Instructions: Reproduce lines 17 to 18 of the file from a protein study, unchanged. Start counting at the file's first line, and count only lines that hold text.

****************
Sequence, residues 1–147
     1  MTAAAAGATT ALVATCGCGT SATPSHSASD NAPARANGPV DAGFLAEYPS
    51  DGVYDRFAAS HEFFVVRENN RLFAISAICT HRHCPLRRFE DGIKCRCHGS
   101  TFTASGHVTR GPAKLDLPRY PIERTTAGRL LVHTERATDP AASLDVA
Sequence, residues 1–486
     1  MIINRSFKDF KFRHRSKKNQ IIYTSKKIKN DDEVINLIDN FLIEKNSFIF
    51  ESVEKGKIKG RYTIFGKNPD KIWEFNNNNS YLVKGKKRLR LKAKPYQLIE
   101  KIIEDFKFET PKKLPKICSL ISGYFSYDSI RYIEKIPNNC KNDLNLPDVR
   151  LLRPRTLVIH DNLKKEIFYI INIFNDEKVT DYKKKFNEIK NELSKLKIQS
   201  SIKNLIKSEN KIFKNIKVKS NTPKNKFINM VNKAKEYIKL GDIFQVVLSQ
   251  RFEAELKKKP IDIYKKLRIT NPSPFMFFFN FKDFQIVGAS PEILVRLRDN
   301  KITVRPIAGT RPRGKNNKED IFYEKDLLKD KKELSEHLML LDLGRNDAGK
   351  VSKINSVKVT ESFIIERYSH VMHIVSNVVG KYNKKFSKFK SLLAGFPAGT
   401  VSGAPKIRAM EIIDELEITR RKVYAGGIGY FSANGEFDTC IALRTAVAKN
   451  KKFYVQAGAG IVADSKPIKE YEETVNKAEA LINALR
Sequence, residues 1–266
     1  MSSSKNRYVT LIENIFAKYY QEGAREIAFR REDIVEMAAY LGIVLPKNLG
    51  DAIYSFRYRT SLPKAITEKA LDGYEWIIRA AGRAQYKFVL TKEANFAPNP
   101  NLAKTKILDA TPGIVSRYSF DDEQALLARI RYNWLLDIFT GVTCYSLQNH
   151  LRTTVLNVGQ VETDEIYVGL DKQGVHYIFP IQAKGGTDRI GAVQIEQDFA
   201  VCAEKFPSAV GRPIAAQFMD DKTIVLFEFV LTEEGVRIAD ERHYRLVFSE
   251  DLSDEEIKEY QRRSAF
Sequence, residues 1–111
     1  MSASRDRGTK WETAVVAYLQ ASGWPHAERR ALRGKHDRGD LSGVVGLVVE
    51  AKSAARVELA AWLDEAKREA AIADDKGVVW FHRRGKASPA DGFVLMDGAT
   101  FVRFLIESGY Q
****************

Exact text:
     1  MSSSKNRYVT LIENIFAKYY QEGAREIAFR REDIVEMAAY LGIVLPKNLG
    51  DAIYSFRYRT SLPKAITEKA LDGYEWIIRA AGRAQYKFVL TKEANFAPNP